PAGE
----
Aerial photo of Lehigh Valley International Airport (IATA: ABE, ICAO: KABE) in Hanover Township, 2005 (Photo credit: Wikipedia)

Bowing under the weight of massive debt and dwindling passengers, Lehigh Valley International Airport officials acted Tuesday to eliminate a dozen jobs and cut services such as valet parking and the airport parking shuttle.

The $19.6 million 2013 budget will mean minor inconveniences for passengers who will soon have to park their own cars, book their own flights and walk from even the most distant parking areas, but the heaviest burdens are being shouldered by airport workers losing their jobs.

Among the 12 jobs being cut Jan. 1 are seven grounds crew and ticket-counter workers, a construction manager and the airport’s only travel agent.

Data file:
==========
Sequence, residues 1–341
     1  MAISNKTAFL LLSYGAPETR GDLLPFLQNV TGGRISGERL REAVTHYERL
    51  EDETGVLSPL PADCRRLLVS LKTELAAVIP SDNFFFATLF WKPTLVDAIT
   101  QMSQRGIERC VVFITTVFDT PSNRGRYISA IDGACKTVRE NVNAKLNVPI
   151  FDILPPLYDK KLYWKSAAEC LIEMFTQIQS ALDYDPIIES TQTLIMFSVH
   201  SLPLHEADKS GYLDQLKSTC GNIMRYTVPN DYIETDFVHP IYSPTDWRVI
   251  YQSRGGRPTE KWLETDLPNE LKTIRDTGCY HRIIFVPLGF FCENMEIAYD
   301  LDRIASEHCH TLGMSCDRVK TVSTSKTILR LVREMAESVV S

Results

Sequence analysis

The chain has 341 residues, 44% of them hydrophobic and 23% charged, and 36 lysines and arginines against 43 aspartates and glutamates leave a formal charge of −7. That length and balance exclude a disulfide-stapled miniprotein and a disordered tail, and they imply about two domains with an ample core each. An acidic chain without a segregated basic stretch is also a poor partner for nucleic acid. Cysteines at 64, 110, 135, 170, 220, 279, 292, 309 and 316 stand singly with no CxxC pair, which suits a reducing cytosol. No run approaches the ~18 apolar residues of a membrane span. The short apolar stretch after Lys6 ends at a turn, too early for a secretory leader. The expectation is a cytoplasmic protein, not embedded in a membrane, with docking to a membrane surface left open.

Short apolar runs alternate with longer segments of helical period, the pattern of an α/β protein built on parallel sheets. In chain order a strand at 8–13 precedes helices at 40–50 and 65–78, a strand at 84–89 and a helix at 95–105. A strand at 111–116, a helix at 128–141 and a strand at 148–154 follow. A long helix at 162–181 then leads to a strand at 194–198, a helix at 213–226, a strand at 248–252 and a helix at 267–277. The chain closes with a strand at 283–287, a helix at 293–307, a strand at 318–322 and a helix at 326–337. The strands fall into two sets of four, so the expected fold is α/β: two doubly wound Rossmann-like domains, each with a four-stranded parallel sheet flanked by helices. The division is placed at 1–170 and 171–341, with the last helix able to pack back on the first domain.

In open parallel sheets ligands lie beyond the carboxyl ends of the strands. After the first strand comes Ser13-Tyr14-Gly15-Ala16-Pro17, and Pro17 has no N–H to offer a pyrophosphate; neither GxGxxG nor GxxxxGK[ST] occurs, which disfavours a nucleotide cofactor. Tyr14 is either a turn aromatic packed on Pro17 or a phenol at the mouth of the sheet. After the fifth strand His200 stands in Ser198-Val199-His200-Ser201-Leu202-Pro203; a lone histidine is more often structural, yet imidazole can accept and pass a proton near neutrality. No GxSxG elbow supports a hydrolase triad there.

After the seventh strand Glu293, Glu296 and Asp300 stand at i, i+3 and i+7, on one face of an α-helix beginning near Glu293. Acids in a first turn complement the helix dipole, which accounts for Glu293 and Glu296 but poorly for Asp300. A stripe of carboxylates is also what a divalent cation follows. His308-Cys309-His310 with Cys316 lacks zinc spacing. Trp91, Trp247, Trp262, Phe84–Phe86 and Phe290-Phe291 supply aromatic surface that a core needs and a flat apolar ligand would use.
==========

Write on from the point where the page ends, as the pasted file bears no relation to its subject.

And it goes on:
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‘Nuisance’ Snow Deposits About Half-Inch Across Lancaster County

Map of Pennsylvania highlighting Lancaster County

Map of Pennsylvania highlighting Lancaster County (Photo credit: Wikipedia)

Officially, winter doesn’t begin until Dec. 21.

But Lancaster County got a small taste of it Tuesday.

On average, about a half inch of snow coated Lancaster County during a morning snowstorm, according to the National Weather Service.

Higher elevations in the county’s northern half saw a little bit more.

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New Report Warns Of Looming Pennsylvania Pension Shortfall

HARRISBURG – Gov. Tom Corbett‘s budget office indicated Monday that the governor may attempt to reduce the pensions of current public employees, a politically volatile and legally questionable solution to what has become a $41 billion unfunded liability.